News 24 – Zimbabwean President Robert Mugabe, 93, reportedly left Cancún on Thursday “in a huff” after he was not given a “speaking slot” at the ongoing United Nations World Conference on Disaster Risk Reduction.
Amnesty Intl – Mexican Congress passed the General Law on Torture which was promised over two years ago by the Mexican president after a national public outcry following massive human rights violations in the case of 43 disappeared students. Authorities must now ensure all those responsible for these heinous crimes under international law face justice.
U.S. President Donald Trump indicated an openness on Monday to delaying his push to secure funds for his promised border wall with Mexico, potentially eliminating a sticking point as lawmakers worked to avoid a looming shutdown of the federal government.
Trump, in a private meeting with conservative media outlets, said he may wait until Republicans begin drafting the budget blueprint for the fiscal year that starts on Oct. 1 to seek government funds for building a wall along the U.S.-Mexico border, the White House confirmed.
Trump, whose approval ratings have slid since he took office, is facing a Friday deadline for Congress to pass a spending bill funding the government through September or risk marking his 100th day in office on Saturday with a government shutdown.
“Now the bipartisan and bicameral negotiators can continue working on the outstanding issues,” Senate Democratic leader Chuck Schumer said in a statement on Monday night.
SD Union-Tribune – Monday marked the fourth day since San Diego-based migrant activist Hugo Castro disappeared in Mexico on Thursday after he made a plea for help and offered clues to his whereabouts on Facebook Live.
BBC -The collapse of a partially-built car park in the Mexican capital has killed seven construction workers. At least 10 people were hurt in the accident in Mexico City. An official blamed a flaw in the construction process on the collapse. He said a heavy load had been placed incorrectly.
LATimes -The new Netflix series “Ingobernable” — “Ungovernable” — is set in Mexico. But the show’s star had a problem: She couldn’t go there without risking arrest. Kate del Castillo, one of Mexico’s best-known actors, was wanted by authorities for having met with Joaquin “El Chapo” Guzman, Mexico’s best-known drug lord, while he was on the run in 2015.
NYT – John F. Kelly, the homeland security secretary, said Wednesday that it was doubtful that a wall along the full border with Mexico would ever be built, despite an oft-repeated campaign promise by President Trump. “It is unlikely that we will build a wall from sea to shining sea,” Kelly told senators on the Homeland Security Committee.
MySA – Two teenage girls were posing for selfies when they were killed by a plane in Mexico earlier this week, according to media reports. El Diario de Chihuahua said that Nitzia Mendoza Corral, 18, and Clarissa Morquecho Miranda, 17, were hit while standing on the plane’s landing strip after leaving a horse race March 26 in Chínipas, Chihuahua.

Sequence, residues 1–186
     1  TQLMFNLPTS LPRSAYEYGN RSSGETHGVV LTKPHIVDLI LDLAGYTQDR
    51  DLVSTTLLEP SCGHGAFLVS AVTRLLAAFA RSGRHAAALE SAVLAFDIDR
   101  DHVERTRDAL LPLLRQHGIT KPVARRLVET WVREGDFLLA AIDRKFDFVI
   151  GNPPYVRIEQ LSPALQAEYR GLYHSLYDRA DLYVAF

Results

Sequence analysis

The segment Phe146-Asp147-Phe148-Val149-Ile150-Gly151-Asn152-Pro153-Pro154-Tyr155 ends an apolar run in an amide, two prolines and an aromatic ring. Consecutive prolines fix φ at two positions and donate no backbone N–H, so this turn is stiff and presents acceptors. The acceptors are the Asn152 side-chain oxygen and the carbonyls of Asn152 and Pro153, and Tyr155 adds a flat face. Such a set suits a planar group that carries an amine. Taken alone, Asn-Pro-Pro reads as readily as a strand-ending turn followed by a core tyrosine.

MLive – President Donald Trump wants to squeeze this year’s Great Lakes cleanup funding to help make a down payment on a wall along the U.S. border with Mexico. A $50 million cut to current fiscal year funding for the Great Lakes Restoration Initiative is part of $18 billion in immediate federal budget cuts proposed this week by the White House.
By J.J. Gallagher / ABC
In a withering editorial published on Sunday, the Roman Catholic Archdiocese of Mexico said that Mexican firms interested in helping build President Donald Trump’s proposed border wall are “traitors to the homeland.”
“It is not two or three, but more than 500 companies,” from Mexico expressing interest in Trump’s proposed border wall, the editorial says. “For them, the end justifies the means.”
Building a wall along the nearly 2,000-mile U.S. border with Mexico was estimated by congressional Republicans to cost $12 billion to $15 billion. An internal report prepared for Homeland Security Secretary John Kelly estimated that a wall along the entire border would cost about $21 billion, according to the Associated Press.
After repeatedly claiming that Mexico would pay for the wall, President Trump requested $2.6 billion to start the initial planning and construction in his 2018 budget request. Congress is expected to take up the proposed budget before the end of the fiscal year in September.
The editorial, published in the Archdiocese’s weekly publication Desde la fe, lambasted the wall as “an open threat that violates relations and peace.”
San Diego Union-Tribune – With Donald Trump’s presidency creating a rift in U.S.-Mexico relations, dozens of San Diegans and bajacalifornianos are joining forces this week in Mexico’s capital, aiming to showcase their strong bilateral relationship and win support for border projects. Close to 90 people are making the trek from the border to Mexico City for three days of meetings with high-level Mexican officials that begin Monday. They carry a common message: that neither Trump’s plans for a fortified border wall and nor his call to re-negotiate the North American Free Trade Agreement will change the fact that Tijuana and San Diego are intensely inter-dependent on many fronts.
News4 – More than a hundred Americans and Mexicans came together for a rally between the two countries Saturday afternoon on the International Bridge between Acuña in Mexico and Del Rio in Texas. “It’s a reality on the border. Every border state – in the states, in Mexico – we’re interdependent and you can’t deny it,” said Jorge Ortiz, a dual citizen living in Acuña.